The Mediterranean diet has long been hailed by experts as heart-healthy and nutritious. One of the main reasons is olive oil.
Numerous studies have shown that including extra virgin olive oil in your diet has health benefits, thanks in part to the anti-inflammatory and antioxidant activity associated with its phenolic compounds.
According to a 2022 study in the Caspian Journal of Environmental Sciences, “The unsaturated fatty acids in olive oil reduce the risk of cardiovascular disease, obesity, type 2 diabetes, metabolic syndrome, and high blood pressure.”
The study says that the main olive oil source countries are Spain, Italy and Greece, and that these countries have less colon, breast and prostate cancer, less Alzheimer’s disease and increased life expectancy compared to people in northern Europe .
But a 2023 study in Nature says that not all olive oils are created equal. After tracking the results of more than 12,000 subjects for an average of 10.7 years, the researchers said that “daily moderate consumption of extra virgin olive oil (1-1/2 tablespoons) was associated with a one-third lower risk of all causes. as half the risk of cardiovascular mortality. These effects are not seen with regular olive oil.
The Journal of the American College of Cardiology published a study led by Harvard researchers that analyzed data from 28 years of the Nurses’ Health Study, looking at data on 60,582 women combined with 31,801 men from the Health Professionals Follow-Up Study in the same years, 1990-2018. When the studies began, all were free of heart disease and cancer. They each fill out a diet questionnaire every four years.
The researchers concluded that those with the highest olive oil intake had a 19% lower risk of death from cardiovascular disease, while a 17% lower risk of cancer death. They also had a 29% lower risk of death from neurodegenerative disease and an 18% lower risk of death from respiratory disease.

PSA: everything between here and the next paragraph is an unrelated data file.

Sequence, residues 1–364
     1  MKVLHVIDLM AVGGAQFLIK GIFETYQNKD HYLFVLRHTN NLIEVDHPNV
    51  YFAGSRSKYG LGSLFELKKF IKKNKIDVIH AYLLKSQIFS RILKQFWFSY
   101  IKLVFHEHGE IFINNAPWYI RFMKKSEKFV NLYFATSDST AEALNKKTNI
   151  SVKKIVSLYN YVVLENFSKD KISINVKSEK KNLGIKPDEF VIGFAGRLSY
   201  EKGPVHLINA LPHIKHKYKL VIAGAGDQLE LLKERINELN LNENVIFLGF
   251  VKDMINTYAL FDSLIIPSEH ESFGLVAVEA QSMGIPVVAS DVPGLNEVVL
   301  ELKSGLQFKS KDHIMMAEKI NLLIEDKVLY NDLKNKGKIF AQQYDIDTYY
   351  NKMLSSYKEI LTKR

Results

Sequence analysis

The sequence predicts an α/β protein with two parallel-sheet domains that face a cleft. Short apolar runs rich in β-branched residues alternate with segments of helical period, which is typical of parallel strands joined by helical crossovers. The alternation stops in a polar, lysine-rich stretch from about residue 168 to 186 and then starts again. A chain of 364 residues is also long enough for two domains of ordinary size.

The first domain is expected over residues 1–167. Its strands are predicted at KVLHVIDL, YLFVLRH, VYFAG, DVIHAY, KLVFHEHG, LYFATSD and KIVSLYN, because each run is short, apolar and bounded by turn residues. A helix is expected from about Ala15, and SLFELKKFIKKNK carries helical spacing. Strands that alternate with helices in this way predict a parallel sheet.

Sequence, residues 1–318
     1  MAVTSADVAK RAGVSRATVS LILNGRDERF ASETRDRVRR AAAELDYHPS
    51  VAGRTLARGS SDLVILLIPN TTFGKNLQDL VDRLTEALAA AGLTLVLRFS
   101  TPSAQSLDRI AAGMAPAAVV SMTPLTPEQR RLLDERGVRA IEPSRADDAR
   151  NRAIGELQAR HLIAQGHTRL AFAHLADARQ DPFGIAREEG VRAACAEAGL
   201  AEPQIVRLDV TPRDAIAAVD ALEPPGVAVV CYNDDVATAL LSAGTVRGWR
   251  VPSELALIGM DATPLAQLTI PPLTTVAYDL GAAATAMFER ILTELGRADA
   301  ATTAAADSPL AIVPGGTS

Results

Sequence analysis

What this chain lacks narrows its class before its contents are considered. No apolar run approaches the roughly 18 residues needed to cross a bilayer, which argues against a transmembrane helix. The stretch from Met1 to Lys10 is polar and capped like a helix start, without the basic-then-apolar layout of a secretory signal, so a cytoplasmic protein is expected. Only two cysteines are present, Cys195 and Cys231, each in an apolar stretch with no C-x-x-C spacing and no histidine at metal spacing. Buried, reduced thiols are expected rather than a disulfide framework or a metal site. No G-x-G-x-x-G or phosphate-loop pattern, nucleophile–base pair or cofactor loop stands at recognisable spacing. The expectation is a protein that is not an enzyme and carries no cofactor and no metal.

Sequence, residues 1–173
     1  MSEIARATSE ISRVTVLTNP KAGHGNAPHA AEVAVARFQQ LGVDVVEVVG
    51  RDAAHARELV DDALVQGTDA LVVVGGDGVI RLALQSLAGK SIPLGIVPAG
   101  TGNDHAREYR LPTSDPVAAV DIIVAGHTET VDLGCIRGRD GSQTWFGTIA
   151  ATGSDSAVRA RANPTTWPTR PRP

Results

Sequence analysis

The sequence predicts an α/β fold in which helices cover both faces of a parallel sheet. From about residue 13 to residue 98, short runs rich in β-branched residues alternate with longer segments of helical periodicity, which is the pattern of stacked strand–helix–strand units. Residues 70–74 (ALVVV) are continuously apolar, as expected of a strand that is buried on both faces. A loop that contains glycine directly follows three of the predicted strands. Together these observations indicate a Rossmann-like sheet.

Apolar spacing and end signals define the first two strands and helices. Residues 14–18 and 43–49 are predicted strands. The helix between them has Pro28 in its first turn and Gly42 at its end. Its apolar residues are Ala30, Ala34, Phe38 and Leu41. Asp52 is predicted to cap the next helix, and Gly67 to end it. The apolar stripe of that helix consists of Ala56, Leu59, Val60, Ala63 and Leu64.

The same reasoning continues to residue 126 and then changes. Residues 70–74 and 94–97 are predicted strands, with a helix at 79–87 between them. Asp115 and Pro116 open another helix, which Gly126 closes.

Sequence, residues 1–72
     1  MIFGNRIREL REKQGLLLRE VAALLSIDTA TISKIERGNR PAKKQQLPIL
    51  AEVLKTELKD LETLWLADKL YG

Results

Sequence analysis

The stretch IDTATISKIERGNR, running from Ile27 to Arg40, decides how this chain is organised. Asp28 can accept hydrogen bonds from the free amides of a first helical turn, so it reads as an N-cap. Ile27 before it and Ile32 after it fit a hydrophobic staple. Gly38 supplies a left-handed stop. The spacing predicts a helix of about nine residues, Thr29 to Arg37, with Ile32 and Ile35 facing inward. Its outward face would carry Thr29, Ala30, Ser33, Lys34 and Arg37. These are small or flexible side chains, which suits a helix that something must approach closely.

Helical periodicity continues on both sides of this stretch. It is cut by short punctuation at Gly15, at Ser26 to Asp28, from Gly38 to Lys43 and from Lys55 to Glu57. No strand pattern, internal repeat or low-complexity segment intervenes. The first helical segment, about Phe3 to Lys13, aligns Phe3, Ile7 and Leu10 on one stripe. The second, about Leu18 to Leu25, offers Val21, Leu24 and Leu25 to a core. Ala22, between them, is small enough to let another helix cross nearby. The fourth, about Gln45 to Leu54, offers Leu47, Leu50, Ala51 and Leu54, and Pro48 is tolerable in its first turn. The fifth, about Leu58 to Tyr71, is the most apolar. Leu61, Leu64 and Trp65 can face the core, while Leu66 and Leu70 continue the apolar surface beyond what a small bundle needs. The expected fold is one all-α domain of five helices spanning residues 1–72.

The researchers wrote that “replacing margarine, butter, mayonnaise, and dairy fat with olive oil was associated with a lower risk of mortality.”
Healthline outlines a number of research-based benefits of olive oil, starting with its fat content, which is primarily oleic acid, a monounsaturated fat. It is thought to reduce inflammation and some say it reduces the risk of cancer, although different studies have different findings about cancer.
Olive oil also contains antioxidants, potentially reducing the risk of chronic disease, among other potential health benefits, the article said.
It also notes that “buying the right kind of olive oil is extremely important.” The article suggests reading the ingredient list and checking for a quality certificate, as some labeled “extra virgin” have been diluted with other refined oils.
Replace, don’t smear
Because olive oil is quite high in calories, health experts told The New York Times that olive oil should not be simply poured over or in foods. Rather, it should be used as a substitute for “less healthy sources of fat — especially butter and full-fat dairy products, which contain saturated fat, which can raise LDL levels.”
Times experts suggest aiming for no more than three or four tablespoons of olive oil a day, “as this amount is associated with the greatest benefit.” Nor, writes Times reporter Danny Blum, should people think that olive oil alone will make a difference in health.
Other experts point out that butter, in moderation, is part of a healthy diet. “Moderate amounts of saturated fat, like what you find in butter, can also be part of a healthy diet, and butter also contains nutrients like fat-soluble vitamins,” Jessica Tichenall, PhD, clinical nutritionist and certified nutritionist, said Wellandgood. com. She said that butter and olive oil are different fats, “so sometimes it just won’t work in a dish if one is substituted for the other. “Both butter and olive oil can be included in a healthy diet,” the article states.
Spain and stolen olive oil
A bit of weird olive oil news came out this week with reports that in Spain, the biggest producer of olive oil, supermarkets are “locking up bottles of the essential cooking oil as prices soar and thefts increase,” according to Reuters.
The article said one-liter bottles sell for the equivalent of nearly $16 in some stores, “driving olive oil into the category of retailers with products equipped with protective labels, along with cosmetics, spirits and appliances.”
It said the price of olive oil had “jumped 150% in the past two years in Spain as a severe drought in the south disrupted the olive harvest. Organized crime groups steal the oil to resell it.”